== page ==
The Grey Fantail is one of Australia’s better known birds. Along with its cousin, the Willie Wagtail, it is a member of the flycatcher family of Australian birds. Like the Willie Wagtail, the Grey Fantail is an endearing bird, often coming quite close to people while they visit parks and gardens, or even in house gardens in suburban areas.
I love having this cheeky and inquisitive bird nearby, and its beautiful, lilting flute-like ascending call is one of my favourite bird calls in the Australian environment. Unfortunately we only have occasional visits from this species in our garden. One visited us a few days ago, perching on a dead branch near where I was working. It had a close up look at me before flying off again. I didn’t have my camera with me; one day I’ll get a better shot than the one above.
Grey Fantails are found throughout Australia except for the very dry parts. Its preferred habitats include open forests and scrublands, orchards, golf courses, parks and gardens and along watercourses. It breeds in the latter half of the year. Its nest is a delicate, cup shaped bowl with a tail like a wineglass without a base. The nest usually consists of fine grass, spider web, bark strips or plant fibre. They usually lay 2 to 3 eggs, sometimes four.
I am a little late in posting this.
- A wonderful photo of three Rhinoceros Hornbills
- News of many Common Murres and other birds washed ashore on the beaches of California, Oregon and Washington.
- A campaign to conserve Columbia’s wax palms and the Yellow-Eared Parrots.
- The success of the captive Kiwi breeding programme at Auckland Zoo.
- Australian twitchers descending upon Darwin to tick a rare occurance of a Javan Pond Heron.
- A Bar-Tailed Godwit has been tracked by satellite – and set a new long-distance non-stop flight record of 10,200 km.
- And much more.
Two days ago I wrote about the rain we were receiving. We have been in drought conditions here in South Australia for some time with little good rainfall for over eighteen months. Coupled with a long, hot summer the situation was getting serious. We were on quite severe water restrictions with the promise of further bans in coming weeks.
Since Thursday, however, it has hardly stopped raining. In the last 60 hours we have had about 85mm. Now this may seem not a great deal of rain compared to some parts of the world, but considering our annual average is only 344mm, this rain represents almost 25% of our annual precipitation. It was very steady rain meaning there was very little runoff; it was the long steady rainfall we had been praying for. More is forecast for the coming week.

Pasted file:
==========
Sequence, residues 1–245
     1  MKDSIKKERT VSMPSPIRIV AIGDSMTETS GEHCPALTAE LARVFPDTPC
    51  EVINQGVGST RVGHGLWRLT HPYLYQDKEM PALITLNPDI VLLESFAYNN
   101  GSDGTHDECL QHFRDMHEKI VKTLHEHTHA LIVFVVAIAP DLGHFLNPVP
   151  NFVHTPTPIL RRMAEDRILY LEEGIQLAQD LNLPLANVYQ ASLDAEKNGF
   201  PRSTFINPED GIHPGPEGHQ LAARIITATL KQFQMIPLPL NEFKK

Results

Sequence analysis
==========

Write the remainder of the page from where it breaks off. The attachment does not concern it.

More rain is needed:
We still have a long way to go before water restrictions can be lifted, however. It will take much more rain over a long period of time to replenish our depleted reservoirs. Even more rain is desperately needed in the Murray-Darling catchment basin in the eastern parts of Australia. This river system waters vast areas of food producing farmlands and orchards. Good rain over several years will be needed to bring the river system back into balance again.
Birds and the rain:
The rain was quite heavy for most of today. I didn’t hear any birds calling until the rain stopped at about 5pm. In fact, I didn’t even see any birds for most of the day. As soon as the rain stopped, the birds started calling again. The Little Ravens were the first to call, followed closely by the Magpie Larks, New Holland Honeyeaters and the Pardalotes. No birds came to visit the bird baths today. I wonder why?
Last Thursday we travelled to Adelaide International Airport to pick up our daughter. She had just been for a two and a half week stay in Ireland. On her way home she proudly announced that she had seen some Puffins while there.
I would love to add any of the Puffin species to my life list. It was a shame I didn’t go with her on this trip because she had a great time. I just didn’t like the extra baggage she took with her – sixteen teenagers from the school where she teaches here in South Australia.
This trip was organised by my daughter as a school exchange with a high school in county Clare, Ireland, which is most appropriate because she teaches at Clare High School in the mid-north of South Australia.
Sad to say I missed having one of my contributions featured this time round – I was very busy with other matters at the time.
I must remember the cut off date for the next edition.